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Nebraska teachers union defends critical race theory, accuses critics of censorship
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Nebraska teachers union defends critical race theory, accuses critics of censorship

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Take a look at the key points in the debate surrounding critical race theory.

OMAHA -- Leaders of national and Nebraska teachers unions are pushing back on critics of critical race theory and defending curriculum based on it.

They accuse opponents of trying to prevent teaching kids the truth about racism in America.

The National Education Association adopted a statement of support for CRT this month during its 2021 Representative Assembly, a nationwide virtual gathering of teachers that included more than 80 Nebraska representatives.

In approving the resolution, the assembly resolved to:

* Share information on CRT — what it is, and what it is not — and to “fight back against anti-CRT rhetoric.”

* Oppose “attempts to ban critical race theory and/or the 1619 Project.” The 1619 Project is a New York Times Magazine publication that attempted to reframe America’s birth as when the first ship arrived carrying enslaved Africans.

* Convey that it’s “reasonable and appropriate for curriculum to be informed by academic frameworks for understanding and interpreting the impact of the past on current society, including critical race theory.”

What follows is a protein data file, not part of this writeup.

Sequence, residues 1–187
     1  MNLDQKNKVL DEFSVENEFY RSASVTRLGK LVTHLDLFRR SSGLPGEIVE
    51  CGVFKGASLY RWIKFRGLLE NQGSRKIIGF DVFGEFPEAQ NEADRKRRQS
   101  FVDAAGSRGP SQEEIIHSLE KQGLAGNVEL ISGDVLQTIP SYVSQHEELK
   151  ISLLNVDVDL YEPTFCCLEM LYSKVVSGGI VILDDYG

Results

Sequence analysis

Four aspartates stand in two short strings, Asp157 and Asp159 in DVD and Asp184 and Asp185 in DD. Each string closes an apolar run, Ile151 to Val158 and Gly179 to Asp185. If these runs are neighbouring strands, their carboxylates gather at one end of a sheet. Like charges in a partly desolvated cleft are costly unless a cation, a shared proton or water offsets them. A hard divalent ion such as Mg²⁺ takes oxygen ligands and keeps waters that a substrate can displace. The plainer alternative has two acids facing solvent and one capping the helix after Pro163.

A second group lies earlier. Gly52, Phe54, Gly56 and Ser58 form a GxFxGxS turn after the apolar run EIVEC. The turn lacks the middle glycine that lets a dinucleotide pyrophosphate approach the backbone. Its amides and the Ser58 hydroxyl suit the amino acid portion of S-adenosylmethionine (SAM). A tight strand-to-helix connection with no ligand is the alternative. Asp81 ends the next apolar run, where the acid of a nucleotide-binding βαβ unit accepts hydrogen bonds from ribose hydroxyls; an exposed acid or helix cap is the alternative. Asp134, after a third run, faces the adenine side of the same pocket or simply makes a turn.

* Join with Black Lives Matter at School and the Zinn Education Project to call for a rally this year on Oct. 14 — George Floyd’s birthday — as a national day of action to teach lessons about structural racism and oppression. The Zinn Education Project provides lessons and articles based on the book, “A People’s History of the United States,” by liberal activist and democratic socialist Howard Zinn.

The debate on critical race theory

The NEA says it has 3 million members.

Jenni Benson, president of the Nebraska State Education Association, said the NEA resolution expresses support for “the accurate and honest teaching of social studies topics, including truthful and age-appropriate accountings of unpleasant aspects of American history.”

NSEA says the association represents 28,000 Nebraska prekindergarten through 12th grade public school teachers, higher education faculty, education support professionals and aspiring educators.

Benson said the item “does not mandate teaching any one theory but rather states its opposition to censorship.”

Asked how the Nebraska representatives voted, Benson said voting on the NEA measure was confidential.

Matt Innis, who has been traveling Nebraska holding public meetings opposing both CRT and comprehensive sex education, said he’s in favor of teaching accurate history, but the advocates of CRT are pushing an agenda.

“I’m all for teaching the truth,” Innis said. “But they won’t teach the truth. They want to teach a version of the truth.”

Innis, an electrical contractor who lives south of Crete, ran unsuccessfully as a Republican for U.S. Senate in 2020. He said he has held 15 sessions attended by thousands of people across the state, and he has more scheduled.